When someone asks me what "Collation" means, it's typically because they've seen the word referenced in a last will and testament, and they don't know what it means.
This post describes a little history and current application of Louisiana collation law.
Back in the pre-1990's, there was a presumption in Louisiana estate law that parents were supposed to, from an inheritance standpoint, treat their children equally. If a parent made a gift to one child during the parent's lifetime, collation laws required that gift to be considered as an advance on that child's inheritance.
So, back in the pre-1990's, parents were permitted, in their last will and testament, to dispense their lifetime gifts from collation so that lifetime gifts would not be considered an advance on a child's inheritance.
Then, in the 1990's the Louisiana Collation law changed significantly in a way that reduces the scope and application of collation by limiting the right to demand collation to children who qualify as forced heirs, and collation only applies with respect to gifts made within three years prior to the parent's death.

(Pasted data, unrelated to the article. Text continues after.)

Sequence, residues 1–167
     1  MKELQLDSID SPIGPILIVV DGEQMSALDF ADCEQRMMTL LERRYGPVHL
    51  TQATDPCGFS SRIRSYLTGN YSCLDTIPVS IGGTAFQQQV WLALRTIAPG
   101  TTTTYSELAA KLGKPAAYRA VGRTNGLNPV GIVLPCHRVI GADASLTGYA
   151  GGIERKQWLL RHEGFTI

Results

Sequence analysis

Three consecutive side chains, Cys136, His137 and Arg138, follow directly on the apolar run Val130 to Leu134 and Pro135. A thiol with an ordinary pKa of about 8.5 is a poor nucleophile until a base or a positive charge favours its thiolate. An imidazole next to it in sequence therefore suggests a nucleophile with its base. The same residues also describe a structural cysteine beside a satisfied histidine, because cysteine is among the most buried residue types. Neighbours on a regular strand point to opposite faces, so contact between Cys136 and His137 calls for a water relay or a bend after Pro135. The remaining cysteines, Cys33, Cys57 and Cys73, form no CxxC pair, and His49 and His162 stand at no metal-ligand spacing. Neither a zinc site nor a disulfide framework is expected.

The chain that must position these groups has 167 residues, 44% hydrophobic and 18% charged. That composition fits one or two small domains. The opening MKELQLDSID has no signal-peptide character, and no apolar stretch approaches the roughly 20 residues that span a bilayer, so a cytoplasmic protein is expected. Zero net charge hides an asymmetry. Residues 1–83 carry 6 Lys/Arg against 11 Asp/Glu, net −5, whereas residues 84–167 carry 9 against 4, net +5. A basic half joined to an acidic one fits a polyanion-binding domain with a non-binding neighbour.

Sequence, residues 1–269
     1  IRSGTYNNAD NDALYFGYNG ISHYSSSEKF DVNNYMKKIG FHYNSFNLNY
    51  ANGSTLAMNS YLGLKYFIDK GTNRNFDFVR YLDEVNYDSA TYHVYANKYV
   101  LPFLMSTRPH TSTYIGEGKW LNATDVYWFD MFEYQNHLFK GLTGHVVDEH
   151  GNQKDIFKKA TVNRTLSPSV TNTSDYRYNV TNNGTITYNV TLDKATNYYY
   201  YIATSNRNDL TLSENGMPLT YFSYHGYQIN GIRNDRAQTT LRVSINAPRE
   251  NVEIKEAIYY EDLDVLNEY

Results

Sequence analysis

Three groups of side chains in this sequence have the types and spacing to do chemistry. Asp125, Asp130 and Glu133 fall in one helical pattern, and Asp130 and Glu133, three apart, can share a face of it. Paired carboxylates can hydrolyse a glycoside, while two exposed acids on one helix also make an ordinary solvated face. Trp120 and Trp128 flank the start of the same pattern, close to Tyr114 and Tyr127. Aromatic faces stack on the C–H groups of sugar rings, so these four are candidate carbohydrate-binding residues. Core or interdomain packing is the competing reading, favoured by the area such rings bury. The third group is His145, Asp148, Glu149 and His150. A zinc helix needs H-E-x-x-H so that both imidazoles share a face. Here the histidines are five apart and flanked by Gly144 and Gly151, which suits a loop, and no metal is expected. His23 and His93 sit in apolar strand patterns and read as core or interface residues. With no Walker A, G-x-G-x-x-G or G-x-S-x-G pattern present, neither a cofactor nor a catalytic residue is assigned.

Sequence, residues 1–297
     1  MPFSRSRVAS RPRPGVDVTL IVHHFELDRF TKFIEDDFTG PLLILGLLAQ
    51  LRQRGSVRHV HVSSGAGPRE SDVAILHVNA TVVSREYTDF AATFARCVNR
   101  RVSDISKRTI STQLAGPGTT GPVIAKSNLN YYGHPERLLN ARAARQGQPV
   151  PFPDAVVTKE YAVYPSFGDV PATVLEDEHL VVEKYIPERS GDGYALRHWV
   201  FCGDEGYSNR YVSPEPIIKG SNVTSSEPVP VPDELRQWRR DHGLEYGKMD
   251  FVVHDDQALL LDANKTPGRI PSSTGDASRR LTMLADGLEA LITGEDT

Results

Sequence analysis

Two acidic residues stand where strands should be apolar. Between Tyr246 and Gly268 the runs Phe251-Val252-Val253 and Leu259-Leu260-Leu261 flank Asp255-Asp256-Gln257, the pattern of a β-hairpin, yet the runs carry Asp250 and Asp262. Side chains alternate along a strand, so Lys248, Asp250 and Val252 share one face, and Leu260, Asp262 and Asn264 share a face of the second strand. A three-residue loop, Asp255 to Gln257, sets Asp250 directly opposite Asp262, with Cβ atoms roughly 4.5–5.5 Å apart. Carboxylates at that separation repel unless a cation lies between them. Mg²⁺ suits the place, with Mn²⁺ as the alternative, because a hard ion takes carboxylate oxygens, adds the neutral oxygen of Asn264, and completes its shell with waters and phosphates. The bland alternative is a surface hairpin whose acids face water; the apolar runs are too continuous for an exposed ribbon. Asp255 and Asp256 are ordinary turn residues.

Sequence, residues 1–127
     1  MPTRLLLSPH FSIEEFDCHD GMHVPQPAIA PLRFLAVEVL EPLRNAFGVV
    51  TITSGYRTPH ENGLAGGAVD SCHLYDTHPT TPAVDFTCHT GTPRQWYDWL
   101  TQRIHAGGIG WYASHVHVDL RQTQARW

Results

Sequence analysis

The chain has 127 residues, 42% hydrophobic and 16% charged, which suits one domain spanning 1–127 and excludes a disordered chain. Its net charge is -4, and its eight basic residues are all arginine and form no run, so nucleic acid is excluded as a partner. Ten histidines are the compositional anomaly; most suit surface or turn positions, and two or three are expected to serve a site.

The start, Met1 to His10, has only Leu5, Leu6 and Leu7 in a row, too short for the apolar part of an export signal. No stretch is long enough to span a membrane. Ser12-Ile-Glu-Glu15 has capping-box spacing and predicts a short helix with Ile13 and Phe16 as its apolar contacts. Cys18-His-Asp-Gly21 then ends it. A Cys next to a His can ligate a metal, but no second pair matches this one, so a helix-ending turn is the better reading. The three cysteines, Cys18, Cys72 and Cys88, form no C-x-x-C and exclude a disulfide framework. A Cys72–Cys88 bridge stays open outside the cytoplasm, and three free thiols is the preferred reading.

Now, under collation law, if a child is 24 and not otherwise disabled, he or she is not permitted to demand collation. And a grandchild is not permitted to demand collation, even if he or she qualifies as a forced heir.
Nonetheless, many attorneys still include a provision in their client's wills stating, in effect, that the client's lifetime gifts are exempt from collation.
I haven't seen or heard anyone around our office discuss a potential collation claim in decades. Collation claims just don't come up much any more due to its limited scope. I suppose, however, it does not hurt to keep the "dispense from collation" provision in Louisiana last wills, even though it causes some confusion because clients have no idea what it means.
However, now with this post, you know!
This post is for informational purposes only and does not provide legal advice. Please do not act or refrain from acting based on anything you read on this site. Using this site or communicating with Rabalais Estate Planning, LLC, through this site does not form an attorney/client relationship.
Louisiana Estate Planning Attorney
Phone: (225) 329-2450